• Educate yourself on which “businesses” are MLMs by checking out the Anti-MLM subreddit.
  • Don’t buy MLM products!  If your friend joins an MLM, buying a product only prolongs the length of time they will stay involved, and the longer they stay with the MLM, the more money they will lose.

IN SUMMARY

What do all these scams have in common, and what can be learned from their tactics?

Here are a few broad rules for staying safe on social media as it continues to evolve:

  • Don’t buy products online from people or businesses you’ve never heard of.  To purchase from small business owners, the most reliable sites are Society6, Etsy, Pixiv, Patreon, Zazzle, and RedBubble.  If you don’t know a platform, exercise caution.
  • Make purchases online using Paypal.  If a store turns out to be a scam, you can dispute the transaction through Paypal.  Never use an unfamiliar, third-party buying platform… especially GearLaunch!
  • Don’t make your passwords, or, more importantly, your password questions, intuitive or easily guessable.  Computer-generated, randomized passwords are currently the safest passwords available; likewise, random answers to questions are far better than any information that can be looked up on social media.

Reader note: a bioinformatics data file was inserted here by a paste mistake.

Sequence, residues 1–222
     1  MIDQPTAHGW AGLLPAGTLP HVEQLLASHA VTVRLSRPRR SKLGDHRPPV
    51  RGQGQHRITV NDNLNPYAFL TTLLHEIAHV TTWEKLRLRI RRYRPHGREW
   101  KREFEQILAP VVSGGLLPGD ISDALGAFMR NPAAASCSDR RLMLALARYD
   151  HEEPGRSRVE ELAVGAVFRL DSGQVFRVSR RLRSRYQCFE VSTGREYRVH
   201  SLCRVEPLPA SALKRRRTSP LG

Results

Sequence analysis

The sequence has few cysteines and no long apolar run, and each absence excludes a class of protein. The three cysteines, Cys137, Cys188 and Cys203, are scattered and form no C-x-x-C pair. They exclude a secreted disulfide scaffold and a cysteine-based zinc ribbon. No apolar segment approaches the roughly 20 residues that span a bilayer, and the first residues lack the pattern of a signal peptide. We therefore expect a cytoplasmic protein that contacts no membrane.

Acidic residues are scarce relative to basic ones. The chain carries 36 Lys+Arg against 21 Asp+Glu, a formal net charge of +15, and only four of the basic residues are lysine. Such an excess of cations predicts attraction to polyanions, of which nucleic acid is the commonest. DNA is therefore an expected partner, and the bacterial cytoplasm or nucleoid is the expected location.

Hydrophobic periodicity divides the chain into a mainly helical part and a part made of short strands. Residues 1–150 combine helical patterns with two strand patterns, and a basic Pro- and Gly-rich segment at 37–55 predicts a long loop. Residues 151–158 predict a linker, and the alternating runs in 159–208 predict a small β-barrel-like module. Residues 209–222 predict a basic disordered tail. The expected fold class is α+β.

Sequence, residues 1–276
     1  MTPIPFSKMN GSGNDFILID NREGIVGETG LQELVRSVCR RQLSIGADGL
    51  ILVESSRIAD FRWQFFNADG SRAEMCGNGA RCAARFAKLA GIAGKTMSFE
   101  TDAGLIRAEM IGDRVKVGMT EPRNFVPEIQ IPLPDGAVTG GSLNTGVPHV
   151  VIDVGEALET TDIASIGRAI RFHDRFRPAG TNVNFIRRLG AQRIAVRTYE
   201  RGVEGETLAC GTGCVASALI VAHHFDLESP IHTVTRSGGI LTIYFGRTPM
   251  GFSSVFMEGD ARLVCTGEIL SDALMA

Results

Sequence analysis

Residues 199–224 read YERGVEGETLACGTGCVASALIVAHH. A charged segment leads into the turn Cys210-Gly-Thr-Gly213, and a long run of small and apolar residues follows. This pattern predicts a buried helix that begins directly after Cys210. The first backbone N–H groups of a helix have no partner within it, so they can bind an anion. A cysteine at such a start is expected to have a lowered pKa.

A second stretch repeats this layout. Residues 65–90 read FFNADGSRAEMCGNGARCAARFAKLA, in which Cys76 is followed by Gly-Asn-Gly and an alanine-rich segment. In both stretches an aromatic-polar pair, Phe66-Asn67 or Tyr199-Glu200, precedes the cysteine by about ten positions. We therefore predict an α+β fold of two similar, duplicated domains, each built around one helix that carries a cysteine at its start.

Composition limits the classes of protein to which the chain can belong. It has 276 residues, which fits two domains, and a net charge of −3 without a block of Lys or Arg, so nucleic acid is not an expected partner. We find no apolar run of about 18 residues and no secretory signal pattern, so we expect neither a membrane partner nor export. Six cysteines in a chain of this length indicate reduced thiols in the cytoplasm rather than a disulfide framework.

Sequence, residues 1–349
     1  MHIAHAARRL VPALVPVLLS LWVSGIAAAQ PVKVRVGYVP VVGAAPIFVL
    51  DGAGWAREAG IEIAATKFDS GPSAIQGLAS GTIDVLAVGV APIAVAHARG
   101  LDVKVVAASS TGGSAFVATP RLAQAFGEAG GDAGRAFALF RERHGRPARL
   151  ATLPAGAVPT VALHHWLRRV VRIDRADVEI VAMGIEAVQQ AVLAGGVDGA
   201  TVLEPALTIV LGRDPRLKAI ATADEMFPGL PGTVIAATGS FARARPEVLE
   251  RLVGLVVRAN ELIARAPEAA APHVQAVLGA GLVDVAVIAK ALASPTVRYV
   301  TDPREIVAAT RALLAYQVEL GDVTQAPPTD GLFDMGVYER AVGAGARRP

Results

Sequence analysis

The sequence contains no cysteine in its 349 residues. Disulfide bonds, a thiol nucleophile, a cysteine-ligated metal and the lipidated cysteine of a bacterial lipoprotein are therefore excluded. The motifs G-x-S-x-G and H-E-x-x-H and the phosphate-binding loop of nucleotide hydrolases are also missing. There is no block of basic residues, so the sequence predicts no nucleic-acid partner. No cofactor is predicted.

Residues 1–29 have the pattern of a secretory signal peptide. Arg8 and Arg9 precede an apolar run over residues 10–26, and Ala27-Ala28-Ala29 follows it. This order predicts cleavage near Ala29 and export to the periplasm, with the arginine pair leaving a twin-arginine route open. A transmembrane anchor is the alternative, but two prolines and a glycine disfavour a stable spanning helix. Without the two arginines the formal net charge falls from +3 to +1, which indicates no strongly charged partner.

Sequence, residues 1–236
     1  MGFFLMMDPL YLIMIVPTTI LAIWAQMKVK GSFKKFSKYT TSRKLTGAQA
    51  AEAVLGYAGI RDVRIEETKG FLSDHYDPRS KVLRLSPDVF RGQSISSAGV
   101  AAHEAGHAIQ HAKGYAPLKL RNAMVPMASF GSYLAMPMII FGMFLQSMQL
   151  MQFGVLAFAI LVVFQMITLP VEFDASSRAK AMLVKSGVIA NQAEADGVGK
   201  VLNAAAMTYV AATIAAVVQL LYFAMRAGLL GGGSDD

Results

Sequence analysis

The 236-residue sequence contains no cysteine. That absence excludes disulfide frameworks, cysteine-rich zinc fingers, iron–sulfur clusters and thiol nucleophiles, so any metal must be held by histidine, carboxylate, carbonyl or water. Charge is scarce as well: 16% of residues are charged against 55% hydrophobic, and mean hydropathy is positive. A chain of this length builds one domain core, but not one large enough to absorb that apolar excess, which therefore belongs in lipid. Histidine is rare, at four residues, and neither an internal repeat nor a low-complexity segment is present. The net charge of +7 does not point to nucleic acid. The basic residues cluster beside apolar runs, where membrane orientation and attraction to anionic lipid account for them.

• Have a way to verify information.  If someone sends you a link over Facebook, ask them what the link is before you click it.  If someone asks you to wire them money for an emergency, call them on the phone (or better yet, FaceTime them) to ensure it’s really them.  If you REALLY want to get creative, have a “password” to weed out doppelgangers from your real-life friends.  This also comes in handy in case there’s ever a “I don’t know which clone to shoot” scenario on a rooftop or the side of a cliff.  (I absolutely have secret “safe words” with my close friends to make sure no clone will ever be able to steal my identity.)  (Protip: having a bellybutton is also a very good method to avoid being mistaken for a clone.)